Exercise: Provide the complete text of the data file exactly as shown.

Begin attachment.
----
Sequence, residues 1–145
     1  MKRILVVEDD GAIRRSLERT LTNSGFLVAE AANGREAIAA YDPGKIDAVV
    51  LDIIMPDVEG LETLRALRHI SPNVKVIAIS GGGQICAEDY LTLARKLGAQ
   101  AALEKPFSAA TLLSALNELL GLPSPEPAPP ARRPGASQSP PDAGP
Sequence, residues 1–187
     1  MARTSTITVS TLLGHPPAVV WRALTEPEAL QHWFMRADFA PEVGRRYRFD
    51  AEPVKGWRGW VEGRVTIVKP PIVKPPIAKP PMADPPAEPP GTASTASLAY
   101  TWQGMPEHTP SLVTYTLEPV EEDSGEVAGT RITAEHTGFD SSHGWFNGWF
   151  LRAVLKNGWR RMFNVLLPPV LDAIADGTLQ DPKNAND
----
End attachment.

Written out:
Sequence, residues 1–145
     1  MKRILVVEDD GAIRRSLERT LTNSGFLVAE AANGREAIAA YDPGKIDAVV
    51  LDIIMPDVEG LETLRALRHI SPNVKVIAIS GGGQICAEDY LTLARKLGAQ
   101  AALEKPFSAA TLLSALNELL GLPSPEPAPP ARRPGASQSP PDAGP
Sequence, residues 1–187
     1  MARTSTITVS TLLGHPPAVV WRALTEPEAL QHWFMRADFA PEVGRRYRFD
    51  AEPVKGWRGW VEGRVTIVKP PIVKPPIAKP PMADPPAEPP GTASTASLAY
   101  TWQGMPEHTP SLVTYTLEPV EEDSGEVAGT RITAEHTGFD SSHGWFNGWF
   151  LRAVLKNGWR RMFNVLLPPV LDAIADGTLQ DPKNAND